George Floyd death: Boston Celtics' Vincent Poirier joins US protests with NBA teammates Marcus Smart, Enes Kanter
Boston Celtics' Vincent Poirier says he took part in a protest with NBA teammates Marcus Smart and Enes Kanter in Boston on Sunday over the killing of George Floyd, an unarmed black man who died in police custody in Minneapolis last week.
Paris: Boston Celtics center Vincent Poirier says he took part in a protest with NBA teammates Marcus Smart and Enes Kanter in Boston on Sunday over the killing of George Floyd, an unarmed black man who died in police custody in Minneapolis last week.
“Even as someone who is white, this must concern me,” Poirier told French sports daily L’Equipe on Tuesday.
“It touches me since I have black teammates, black friends, my wife is of mixed race.
“I can walk the streets freely and I want it to be the case for everyone. It bothers me that it’s not the case,” the Frenchman added.
Video footage showed a white Minneapolis police officer kneeling on the neck of Floyd, 46, for nearly nine minutes before he died on 25 May, triggering outrage and protests across the United States.
Poirier added that there had been similar issues in France, highlighting the case of 24-year-old black man Adama Traore, who died in 2016 while being driven to a police station following his arrest over an altercation.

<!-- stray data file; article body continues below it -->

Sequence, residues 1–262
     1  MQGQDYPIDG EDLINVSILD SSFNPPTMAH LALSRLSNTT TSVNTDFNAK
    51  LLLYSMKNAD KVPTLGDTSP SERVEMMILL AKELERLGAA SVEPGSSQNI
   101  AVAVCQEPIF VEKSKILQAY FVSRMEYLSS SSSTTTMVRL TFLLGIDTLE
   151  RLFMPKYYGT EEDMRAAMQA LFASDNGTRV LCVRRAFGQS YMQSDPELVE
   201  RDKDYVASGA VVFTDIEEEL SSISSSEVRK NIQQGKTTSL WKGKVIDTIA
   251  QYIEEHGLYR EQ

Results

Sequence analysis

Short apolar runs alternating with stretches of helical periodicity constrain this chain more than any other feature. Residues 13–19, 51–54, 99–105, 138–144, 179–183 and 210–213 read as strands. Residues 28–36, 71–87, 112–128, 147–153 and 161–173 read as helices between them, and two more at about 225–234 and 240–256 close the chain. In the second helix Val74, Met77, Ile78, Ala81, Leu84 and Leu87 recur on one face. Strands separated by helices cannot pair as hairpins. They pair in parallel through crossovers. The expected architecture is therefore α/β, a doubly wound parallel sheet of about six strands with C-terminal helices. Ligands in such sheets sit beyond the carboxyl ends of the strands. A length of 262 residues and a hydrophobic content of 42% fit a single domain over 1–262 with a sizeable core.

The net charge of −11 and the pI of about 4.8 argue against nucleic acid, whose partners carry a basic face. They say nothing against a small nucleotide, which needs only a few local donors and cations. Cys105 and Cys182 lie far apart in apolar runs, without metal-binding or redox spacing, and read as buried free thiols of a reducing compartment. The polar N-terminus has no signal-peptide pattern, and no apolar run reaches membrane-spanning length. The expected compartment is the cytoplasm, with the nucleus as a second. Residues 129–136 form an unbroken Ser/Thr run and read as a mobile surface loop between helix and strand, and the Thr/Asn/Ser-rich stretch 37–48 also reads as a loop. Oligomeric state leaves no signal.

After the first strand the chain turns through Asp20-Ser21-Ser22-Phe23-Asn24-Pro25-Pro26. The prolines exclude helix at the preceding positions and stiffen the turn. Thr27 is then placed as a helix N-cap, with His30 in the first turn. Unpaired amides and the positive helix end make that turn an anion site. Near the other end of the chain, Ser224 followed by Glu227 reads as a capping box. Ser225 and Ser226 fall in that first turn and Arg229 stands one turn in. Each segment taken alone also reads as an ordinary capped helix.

The circumstances of Traore’s death are still under investigation by justice authorities.
Poirier, who signed for the Celtics in 2019, said he wanted to use his standing in the sports world to bring attention to such issues.
“At the time of Adama Traore, I did not have this recognition but now that I have it, I try to use it. The fact that I play for Celtics has an extra impact,” he said.
After receiving their rings, raising a banner and watching a highlight video of their first NBA championship since 1971, the Bucks defeated the team that nearly eliminated them in the second round of the playoffs.
It started in 1946 with 11 teams and 160 players. The shot clock was nearly a decade away, the 3-point line was a couple generations away. Buildings were smaller. So were the players. The NBA, 75 years ago, was different in almost every imaginable way.
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